We were kindly provided a copy of Embedded Linux Projects Using Yocto Project Cookbook, written by Alex González. It is available at Packt Publishing, either in an electronic format (DRM free) or printed.
It is written as a cookbook so it is a set of recipes that you can refer to and solve your immediate problems instead of reading it from cover to cover. While, as indicated by the title, the main topic is embedded development using Yocto Project, the book also includes generic embedded Linux tips, like debugging the kernel with ftrace or debugging a device tree from U-Boot.
The chapters cover the following topics:
- The Build System: an introduction to Yocto Project.
- The BSP Layer: how to build and customize the bootloader and the Linux kernel, plenty of tips on how to debug kernel related issues.
- The Software layer: covers adding a package and its configuration, selecting the initialization manager and making a release while complying with the various licenses.
- Application development: using the SDK, various IDEs (Eclipse, Qt creator), build systems (make, CMake, SCons).
- Debugging, Tracing and Profiling: great examples and tips for the usage of gdb, strace, perf, systemtap, OProfile, LTTng and blktrace.
The structure of the book makes it is easy to find the answers you are looking for and also explains the underlying concepts of the solution. It is definitively of good value once you start using Yocto Project.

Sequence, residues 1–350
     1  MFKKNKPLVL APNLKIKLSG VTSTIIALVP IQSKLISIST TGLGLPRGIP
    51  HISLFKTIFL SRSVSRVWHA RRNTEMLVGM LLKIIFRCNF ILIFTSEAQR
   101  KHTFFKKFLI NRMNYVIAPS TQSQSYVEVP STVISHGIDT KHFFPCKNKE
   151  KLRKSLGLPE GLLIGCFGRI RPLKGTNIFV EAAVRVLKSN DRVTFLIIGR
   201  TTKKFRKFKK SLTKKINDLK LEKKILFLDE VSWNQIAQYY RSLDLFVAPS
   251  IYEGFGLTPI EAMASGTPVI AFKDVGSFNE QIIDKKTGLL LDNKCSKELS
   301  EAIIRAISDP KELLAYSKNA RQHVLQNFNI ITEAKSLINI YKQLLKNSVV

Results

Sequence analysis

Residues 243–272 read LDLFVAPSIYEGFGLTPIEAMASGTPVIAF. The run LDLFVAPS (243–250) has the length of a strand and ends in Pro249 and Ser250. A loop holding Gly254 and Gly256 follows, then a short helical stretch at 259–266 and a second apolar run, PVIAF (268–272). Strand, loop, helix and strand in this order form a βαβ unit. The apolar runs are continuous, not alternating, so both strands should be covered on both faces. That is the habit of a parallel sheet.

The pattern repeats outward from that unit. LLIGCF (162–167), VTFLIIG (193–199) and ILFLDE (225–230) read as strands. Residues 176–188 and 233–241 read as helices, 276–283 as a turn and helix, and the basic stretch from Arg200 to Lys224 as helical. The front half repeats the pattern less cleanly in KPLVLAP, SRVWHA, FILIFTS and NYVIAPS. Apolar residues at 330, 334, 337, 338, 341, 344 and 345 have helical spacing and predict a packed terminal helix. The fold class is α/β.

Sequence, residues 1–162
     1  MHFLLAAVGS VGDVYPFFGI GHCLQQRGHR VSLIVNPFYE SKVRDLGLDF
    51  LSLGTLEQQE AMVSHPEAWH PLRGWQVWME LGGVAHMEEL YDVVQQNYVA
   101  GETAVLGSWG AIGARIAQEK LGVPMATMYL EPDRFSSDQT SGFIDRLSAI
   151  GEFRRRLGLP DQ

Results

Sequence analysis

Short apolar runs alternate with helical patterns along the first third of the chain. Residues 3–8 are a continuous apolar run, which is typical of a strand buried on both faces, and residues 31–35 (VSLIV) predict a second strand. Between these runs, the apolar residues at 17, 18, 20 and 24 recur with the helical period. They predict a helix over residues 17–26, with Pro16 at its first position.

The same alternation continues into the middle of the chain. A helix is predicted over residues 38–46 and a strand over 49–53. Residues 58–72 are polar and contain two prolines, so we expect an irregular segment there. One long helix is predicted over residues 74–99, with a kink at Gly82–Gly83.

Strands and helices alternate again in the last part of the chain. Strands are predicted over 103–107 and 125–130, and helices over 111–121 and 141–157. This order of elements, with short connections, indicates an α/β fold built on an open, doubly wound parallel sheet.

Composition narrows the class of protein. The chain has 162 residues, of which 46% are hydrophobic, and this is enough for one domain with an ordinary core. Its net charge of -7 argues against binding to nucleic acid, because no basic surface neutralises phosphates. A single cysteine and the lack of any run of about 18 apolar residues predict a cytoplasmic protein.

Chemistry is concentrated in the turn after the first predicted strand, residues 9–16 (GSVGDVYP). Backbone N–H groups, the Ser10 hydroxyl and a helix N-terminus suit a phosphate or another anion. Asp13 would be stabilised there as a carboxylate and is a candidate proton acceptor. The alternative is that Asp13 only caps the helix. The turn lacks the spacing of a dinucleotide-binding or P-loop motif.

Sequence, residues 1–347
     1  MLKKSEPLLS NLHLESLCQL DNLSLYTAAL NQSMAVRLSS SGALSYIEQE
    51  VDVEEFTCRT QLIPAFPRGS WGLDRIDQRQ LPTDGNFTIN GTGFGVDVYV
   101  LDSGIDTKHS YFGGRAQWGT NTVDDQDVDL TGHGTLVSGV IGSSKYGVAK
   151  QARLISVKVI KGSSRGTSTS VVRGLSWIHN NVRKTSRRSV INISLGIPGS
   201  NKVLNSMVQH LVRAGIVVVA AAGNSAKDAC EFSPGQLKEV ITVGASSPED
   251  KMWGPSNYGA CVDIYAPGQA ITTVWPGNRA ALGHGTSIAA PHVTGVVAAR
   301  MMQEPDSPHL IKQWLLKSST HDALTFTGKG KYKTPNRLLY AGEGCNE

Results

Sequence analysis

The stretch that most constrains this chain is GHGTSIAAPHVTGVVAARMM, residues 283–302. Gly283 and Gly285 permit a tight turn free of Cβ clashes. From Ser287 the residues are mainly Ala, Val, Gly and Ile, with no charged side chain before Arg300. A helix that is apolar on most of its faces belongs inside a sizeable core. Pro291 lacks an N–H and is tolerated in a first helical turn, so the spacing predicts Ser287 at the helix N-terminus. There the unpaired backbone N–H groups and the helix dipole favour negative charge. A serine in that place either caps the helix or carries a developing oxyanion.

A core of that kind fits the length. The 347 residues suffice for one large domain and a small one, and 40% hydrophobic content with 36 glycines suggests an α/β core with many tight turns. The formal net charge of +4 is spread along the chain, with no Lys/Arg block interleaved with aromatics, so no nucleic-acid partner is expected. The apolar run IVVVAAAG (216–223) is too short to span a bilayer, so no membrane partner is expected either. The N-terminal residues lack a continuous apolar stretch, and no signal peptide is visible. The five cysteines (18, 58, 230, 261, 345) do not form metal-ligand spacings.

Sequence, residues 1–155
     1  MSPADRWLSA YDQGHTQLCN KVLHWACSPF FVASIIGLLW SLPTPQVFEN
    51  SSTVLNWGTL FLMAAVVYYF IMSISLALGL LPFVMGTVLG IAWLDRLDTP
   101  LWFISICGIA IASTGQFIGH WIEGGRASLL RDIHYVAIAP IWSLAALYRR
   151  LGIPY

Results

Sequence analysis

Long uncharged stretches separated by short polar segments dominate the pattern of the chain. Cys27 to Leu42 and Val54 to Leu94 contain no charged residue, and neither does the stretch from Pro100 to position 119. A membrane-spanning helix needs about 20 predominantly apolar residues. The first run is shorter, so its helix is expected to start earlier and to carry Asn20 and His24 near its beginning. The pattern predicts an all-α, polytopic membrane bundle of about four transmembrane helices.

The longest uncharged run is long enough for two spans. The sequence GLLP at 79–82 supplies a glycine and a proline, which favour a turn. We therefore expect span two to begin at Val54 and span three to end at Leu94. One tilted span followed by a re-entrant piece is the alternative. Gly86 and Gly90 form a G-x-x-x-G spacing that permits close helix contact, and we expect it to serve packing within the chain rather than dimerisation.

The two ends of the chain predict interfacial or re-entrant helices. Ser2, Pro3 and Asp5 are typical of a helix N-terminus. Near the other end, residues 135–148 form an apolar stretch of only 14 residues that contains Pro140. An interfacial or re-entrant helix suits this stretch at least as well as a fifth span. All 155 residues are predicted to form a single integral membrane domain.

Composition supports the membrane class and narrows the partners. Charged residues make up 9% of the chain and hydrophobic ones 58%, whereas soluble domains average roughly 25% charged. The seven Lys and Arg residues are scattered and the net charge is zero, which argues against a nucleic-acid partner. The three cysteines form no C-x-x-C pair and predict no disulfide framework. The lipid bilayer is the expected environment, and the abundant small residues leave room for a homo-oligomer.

Bootlin is also offering a Yocto Project and OpenEmbedded training course (detailed agenda) to help you start with your projects. If you’re interested, join one of the upcoming public training sessions, or order a session at your location!
For many open-source developers based in Europe, the FOSDEM is probably the most useful, interesting and exciting conference. Once again this year, several Bootlin engineers will attend the conference:
- Maxime Ripard, mainly involved in Allwinner related kernel development, as well as more recently OpenWRT support for Marvell platforms
- Antoine Ténart, involved in Marvell Berlin related kernel development, and one of the developers of our Yocto Project and OpenEmbedded training course
- Alexandre Belloni, involved in Atmel processors related kernel development, and also one of our Yocto expert.
- Thomas Petazzoni, involved in Marvell EBU processors related kernel development, and doing a lot of Buildroot contributions.
If you are attending, and want to know more about Bootlin, or discuss career or project opportunities, do not hesitate to contact us prior to the conference. Many of us will probably attend a significant number of talks from the Embedded track, so it should be easy to find us.
Last but not least, Alexandre Belloni will be giving a talk about Starting with the Yocto Project, which will take place on Sunday, at 3 PM in room Lameere.
Finally, Thomas Petazzoni has organized and will participate to the Buildroot Developers Meeting organized right after FOSDEM, and sponsored by Google and Mind.
As we announced in out latest newsletter, we recently launched a new Yocto Project and OpenEmbedded development training course.
The first public session will take place in Toulouse, France on November 18-20 and we still have a few seats available. We can also deliver on-site sessions at the location of your choice, see our Training cost and registration page for more details.
However, what brings us here today is that we are happy to announce the release of all the training materials of this new course: like all Bootlin training materials, they are available under the Creative Commons Attribution Share-Alike license.